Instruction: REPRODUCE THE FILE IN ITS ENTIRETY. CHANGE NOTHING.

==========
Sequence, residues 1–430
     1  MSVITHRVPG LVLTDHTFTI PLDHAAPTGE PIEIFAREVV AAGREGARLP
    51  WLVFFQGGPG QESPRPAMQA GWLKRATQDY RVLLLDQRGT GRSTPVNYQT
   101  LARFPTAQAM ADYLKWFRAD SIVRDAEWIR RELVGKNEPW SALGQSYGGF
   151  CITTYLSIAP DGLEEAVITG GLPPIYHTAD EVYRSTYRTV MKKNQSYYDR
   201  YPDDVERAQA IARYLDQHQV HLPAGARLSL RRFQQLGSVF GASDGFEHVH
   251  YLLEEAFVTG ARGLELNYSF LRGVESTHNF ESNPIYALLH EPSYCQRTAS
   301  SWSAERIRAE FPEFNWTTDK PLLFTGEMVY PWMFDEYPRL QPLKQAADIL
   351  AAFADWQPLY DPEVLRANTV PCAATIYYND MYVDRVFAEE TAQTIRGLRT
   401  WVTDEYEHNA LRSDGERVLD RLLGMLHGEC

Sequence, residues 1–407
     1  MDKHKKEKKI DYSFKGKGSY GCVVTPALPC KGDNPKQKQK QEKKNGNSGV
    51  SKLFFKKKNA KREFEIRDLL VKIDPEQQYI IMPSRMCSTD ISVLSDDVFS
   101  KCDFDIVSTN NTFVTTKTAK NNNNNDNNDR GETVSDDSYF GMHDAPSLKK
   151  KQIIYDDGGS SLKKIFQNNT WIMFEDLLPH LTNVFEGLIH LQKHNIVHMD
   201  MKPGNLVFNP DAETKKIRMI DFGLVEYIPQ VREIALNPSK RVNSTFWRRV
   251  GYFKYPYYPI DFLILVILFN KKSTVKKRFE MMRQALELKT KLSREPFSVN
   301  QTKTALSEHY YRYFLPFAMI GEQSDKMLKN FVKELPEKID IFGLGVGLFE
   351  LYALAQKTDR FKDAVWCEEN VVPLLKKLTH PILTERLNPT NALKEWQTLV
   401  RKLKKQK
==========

Sequence, residues 1–430
     1  MSVITHRVPG LVLTDHTFTI PLDHAAPTGE PIEIFAREVV AAGREGARLP
    51  WLVFFQGGPG QESPRPAMQA GWLKRATQDY RVLLLDQRGT GRSTPVNYQT
   101  LARFPTAQAM ADYLKWFRAD SIVRDAEWIR RELVGKNEPW SALGQSYGGF
   151  CITTYLSIAP DGLEEAVITG GLPPIYHTAD EVYRSTYRTV MKKNQSYYDR
   201  YPDDVERAQA IARYLDQHQV HLPAGARLSL RRFQQLGSVF GASDGFEHVH
   251  YLLEEAFVTG ARGLELNYSF LRGVESTHNF ESNPIYALLH EPSYCQRTAS
   301  SWSAERIRAE FPEFNWTTDK PLLFTGEMVY PWMFDEYPRL QPLKQAADIL
   351  AAFADWQPLY DPEVLRANTV PCAATIYYND MYVDRVFAEE TAQTIRGLRT
   401  WVTDEYEHNA LRSDGERVLD RLLGMLHGEC

Sequence, residues 1–407
     1  MDKHKKEKKI DYSFKGKGSY GCVVTPALPC KGDNPKQKQK QEKKNGNSGV
    51  SKLFFKKKNA KREFEIRDLL VKIDPEQQYI IMPSRMCSTD ISVLSDDVFS
   101  KCDFDIVSTN NTFVTTKTAK NNNNNDNNDR GETVSDDSYF GMHDAPSLKK
   151  KQIIYDDGGS SLKKIFQNNT WIMFEDLLPH LTNVFEGLIH LQKHNIVHMD
   201  MKPGNLVFNP DAETKKIRMI DFGLVEYIPQ VREIALNPSK RVNSTFWRRV
   251  GYFKYPYYPI DFLILVILFN KKSTVKKRFE MMRQALELKT KLSREPFSVN
   301  QTKTALSEHY YRYFLPFAMI GEQSDKMLKN FVKELPEKID IFGLGVGLFE
   351  LYALAQKTDR FKDAVWCEEN VVPLLKKLTH PILTERLNPT NALKEWQTLV
   401  RKLKKQK